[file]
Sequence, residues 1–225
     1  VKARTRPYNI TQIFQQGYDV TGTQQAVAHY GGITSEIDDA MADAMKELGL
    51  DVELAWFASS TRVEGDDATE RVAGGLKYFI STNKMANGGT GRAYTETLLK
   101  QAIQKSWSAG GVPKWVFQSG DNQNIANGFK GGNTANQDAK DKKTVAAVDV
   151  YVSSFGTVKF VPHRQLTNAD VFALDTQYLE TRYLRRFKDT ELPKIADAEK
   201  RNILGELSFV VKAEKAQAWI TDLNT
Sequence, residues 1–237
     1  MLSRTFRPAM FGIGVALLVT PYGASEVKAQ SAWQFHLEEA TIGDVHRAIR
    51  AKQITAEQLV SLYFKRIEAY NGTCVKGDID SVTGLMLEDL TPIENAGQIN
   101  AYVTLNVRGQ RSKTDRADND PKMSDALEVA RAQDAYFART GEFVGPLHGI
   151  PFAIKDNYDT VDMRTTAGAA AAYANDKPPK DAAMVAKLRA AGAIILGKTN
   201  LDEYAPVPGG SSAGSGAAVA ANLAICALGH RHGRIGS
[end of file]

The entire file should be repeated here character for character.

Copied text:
Sequence, residues 1–225
     1  VKARTRPYNI TQIFQQGYDV TGTQQAVAHY GGITSEIDDA MADAMKELGL
    51  DVELAWFASS TRVEGDDATE RVAGGLKYFI STNKMANGGT GRAYTETLLK
   101  QAIQKSWSAG GVPKWVFQSG DNQNIANGFK GGNTANQDAK DKKTVAAVDV
   151  YVSSFGTVKF VPHRQLTNAD VFALDTQYLE TRYLRRFKDT ELPKIADAEK
   201  RNILGELSFV VKAEKAQAWI TDLNT
Sequence, residues 1–237
     1  MLSRTFRPAM FGIGVALLVT PYGASEVKAQ SAWQFHLEEA TIGDVHRAIR
    51  AKQITAEQLV SLYFKRIEAY NGTCVKGDID SVTGLMLEDL TPIENAGQIN
   101  AYVTLNVRGQ RSKTDRADND PKMSDALEVA RAQDAYFART GEFVGPLHGI
   151  PFAIKDNYDT VDMRTTAGAA AAYANDKPPK DAAMVAKLRA AGAIILGKTN
   201  LDEYAPVPGG SSAGSGAAVA ANLAICALGH RHGRIGS